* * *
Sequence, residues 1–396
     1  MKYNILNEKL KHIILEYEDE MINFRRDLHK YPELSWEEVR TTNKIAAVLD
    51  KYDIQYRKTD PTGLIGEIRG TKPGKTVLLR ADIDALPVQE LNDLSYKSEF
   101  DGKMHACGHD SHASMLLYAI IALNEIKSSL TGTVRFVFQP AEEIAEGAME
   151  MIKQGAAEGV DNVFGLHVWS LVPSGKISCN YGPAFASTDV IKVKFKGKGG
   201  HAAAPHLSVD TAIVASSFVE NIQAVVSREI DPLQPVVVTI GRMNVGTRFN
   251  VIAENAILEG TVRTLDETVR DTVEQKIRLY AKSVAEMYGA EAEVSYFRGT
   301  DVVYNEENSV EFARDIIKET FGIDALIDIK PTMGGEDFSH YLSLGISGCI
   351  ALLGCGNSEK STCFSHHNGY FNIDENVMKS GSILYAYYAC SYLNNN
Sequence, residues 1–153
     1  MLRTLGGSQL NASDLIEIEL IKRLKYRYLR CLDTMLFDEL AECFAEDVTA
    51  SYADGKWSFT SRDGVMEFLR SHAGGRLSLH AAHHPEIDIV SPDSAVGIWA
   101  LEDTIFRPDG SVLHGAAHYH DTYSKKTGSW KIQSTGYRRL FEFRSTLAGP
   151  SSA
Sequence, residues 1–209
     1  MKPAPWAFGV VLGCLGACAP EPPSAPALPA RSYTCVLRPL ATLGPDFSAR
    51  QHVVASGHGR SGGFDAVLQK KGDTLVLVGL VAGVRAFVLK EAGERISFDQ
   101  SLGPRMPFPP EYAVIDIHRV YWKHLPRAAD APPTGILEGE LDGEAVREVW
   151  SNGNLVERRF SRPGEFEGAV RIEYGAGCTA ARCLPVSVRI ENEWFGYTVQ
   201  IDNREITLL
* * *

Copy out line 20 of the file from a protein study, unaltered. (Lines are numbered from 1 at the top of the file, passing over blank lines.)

   201  IDNREITLL